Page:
Ad hominem arguments are bias-based logic fallacies made to support business decisions every day. As with all logic errors, decision-makers fall prey to the appearance of reasonableness, especially when the assertion supports their desired course of action. Although difficult, recognizing and eliminating the use of ad hominem arguments in decision-making is absolutely necessary.


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Additional Information

Additional insight to the warning signs, causes, and results of logic errors can be found in the StrategyDriven website feature: Decision-Making Warning Flag 1 – Logic Fallacies Introduction.

Insights on organizational diversity and inclusion can be found in the StrategyDriven topical area: Diversity and Inclusion.

Decision-Making Best Practice 2 – Multidiscipline Teams

StrategyDriven Decision Making Best PracticeComplex decision execution, whether seeking near- or long-term results, often stimulates action involving many of the functional business units within an organization. These decisions may mobilize procurement personnel for material acquisitions, human resources specialists for contractor in-processing, finance personnel for debt restructuring, or any of a number of other functional organizations for the performance of core business activities.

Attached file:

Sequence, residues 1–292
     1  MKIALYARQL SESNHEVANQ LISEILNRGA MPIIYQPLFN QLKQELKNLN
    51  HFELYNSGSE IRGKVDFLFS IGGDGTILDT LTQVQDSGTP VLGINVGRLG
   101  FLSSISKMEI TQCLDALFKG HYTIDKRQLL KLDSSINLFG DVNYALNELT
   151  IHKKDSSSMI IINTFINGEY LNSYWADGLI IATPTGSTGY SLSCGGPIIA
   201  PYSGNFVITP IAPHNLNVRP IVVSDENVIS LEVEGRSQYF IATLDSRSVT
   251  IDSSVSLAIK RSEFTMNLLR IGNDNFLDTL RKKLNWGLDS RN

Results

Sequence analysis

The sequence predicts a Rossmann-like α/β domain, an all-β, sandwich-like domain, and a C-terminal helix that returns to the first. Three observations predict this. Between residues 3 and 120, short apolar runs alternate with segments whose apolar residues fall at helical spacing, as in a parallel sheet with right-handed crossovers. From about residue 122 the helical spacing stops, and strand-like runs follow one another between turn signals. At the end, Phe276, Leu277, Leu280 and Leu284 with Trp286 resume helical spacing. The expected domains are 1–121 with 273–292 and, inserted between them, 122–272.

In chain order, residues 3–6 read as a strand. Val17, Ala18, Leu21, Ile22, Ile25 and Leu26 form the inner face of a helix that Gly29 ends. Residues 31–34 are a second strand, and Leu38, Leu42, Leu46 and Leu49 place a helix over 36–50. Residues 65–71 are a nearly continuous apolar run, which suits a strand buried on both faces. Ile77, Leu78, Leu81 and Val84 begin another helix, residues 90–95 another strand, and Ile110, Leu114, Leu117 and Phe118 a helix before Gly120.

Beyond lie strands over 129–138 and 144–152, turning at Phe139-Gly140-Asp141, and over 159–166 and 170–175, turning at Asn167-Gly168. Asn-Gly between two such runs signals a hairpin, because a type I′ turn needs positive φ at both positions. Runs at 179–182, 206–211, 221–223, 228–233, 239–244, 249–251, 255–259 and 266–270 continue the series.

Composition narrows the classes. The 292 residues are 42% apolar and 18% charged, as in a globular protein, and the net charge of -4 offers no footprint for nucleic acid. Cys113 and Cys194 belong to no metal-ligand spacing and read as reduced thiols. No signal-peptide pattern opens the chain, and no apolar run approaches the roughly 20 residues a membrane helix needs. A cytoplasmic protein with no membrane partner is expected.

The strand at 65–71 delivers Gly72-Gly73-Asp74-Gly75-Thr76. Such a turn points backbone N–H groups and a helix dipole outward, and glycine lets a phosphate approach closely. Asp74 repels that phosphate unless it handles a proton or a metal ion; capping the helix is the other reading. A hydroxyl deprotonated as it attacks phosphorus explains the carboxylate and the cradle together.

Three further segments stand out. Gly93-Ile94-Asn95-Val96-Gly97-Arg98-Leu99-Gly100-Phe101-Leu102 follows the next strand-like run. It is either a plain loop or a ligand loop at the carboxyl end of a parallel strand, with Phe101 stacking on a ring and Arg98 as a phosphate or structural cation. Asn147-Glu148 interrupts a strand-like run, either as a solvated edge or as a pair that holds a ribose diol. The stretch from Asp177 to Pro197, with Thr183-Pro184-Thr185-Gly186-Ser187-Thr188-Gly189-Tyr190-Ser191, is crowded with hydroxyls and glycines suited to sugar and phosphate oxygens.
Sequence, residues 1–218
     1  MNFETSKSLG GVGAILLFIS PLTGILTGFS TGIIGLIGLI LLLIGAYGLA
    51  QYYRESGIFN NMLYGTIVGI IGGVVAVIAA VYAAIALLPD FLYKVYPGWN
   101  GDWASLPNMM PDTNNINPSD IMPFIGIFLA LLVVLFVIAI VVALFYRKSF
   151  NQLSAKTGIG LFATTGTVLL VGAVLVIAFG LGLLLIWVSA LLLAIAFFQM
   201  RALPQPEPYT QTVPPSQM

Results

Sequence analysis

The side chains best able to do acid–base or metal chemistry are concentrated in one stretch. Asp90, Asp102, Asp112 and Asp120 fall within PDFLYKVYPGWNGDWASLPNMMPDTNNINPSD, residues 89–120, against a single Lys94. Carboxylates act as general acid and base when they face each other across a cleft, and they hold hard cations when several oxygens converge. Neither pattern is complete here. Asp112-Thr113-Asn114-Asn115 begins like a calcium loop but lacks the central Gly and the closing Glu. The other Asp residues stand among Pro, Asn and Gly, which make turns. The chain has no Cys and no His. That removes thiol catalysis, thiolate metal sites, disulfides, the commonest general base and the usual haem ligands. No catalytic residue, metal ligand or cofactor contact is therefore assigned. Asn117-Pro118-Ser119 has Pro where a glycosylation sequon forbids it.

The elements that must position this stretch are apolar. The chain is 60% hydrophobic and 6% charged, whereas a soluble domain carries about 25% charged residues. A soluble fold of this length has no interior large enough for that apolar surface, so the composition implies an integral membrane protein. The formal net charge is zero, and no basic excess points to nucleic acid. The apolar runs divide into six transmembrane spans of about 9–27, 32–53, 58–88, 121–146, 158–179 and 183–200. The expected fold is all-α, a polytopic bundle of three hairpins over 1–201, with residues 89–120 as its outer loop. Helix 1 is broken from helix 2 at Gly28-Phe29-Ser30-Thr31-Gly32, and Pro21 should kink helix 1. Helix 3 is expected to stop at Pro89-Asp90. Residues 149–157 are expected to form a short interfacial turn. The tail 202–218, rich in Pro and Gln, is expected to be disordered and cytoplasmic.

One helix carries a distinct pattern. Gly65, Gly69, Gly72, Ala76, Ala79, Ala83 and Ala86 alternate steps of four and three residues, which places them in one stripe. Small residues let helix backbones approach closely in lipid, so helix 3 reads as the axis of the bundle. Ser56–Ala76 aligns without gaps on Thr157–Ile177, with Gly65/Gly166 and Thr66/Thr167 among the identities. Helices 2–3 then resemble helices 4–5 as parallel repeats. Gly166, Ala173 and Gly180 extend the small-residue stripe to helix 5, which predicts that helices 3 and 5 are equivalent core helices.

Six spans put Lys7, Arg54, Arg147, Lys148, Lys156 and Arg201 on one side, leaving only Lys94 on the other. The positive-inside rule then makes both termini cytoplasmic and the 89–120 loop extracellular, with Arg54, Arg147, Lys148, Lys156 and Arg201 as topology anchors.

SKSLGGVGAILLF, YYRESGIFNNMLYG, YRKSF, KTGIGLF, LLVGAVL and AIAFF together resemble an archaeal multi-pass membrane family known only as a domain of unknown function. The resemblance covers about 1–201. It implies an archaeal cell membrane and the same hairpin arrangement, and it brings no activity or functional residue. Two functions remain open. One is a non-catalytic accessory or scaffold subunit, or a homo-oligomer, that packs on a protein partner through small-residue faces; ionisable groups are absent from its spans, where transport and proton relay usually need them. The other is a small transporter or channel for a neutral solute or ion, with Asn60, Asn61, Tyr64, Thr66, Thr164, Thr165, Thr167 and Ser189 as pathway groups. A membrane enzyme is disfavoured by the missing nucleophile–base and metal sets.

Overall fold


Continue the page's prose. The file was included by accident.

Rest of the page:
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About the Author

Nathan Ives, StrategyDriven Principal is a StrategyDriven Principal and Host of the StrategyDriven Podcast. For over twenty years, he has served as trusted advisor to executives and managers at dozens of Fortune 500 and smaller companies in the areas of management effectiveness, organizational development, and process improvement. To read Nathan’s complete biography, click here.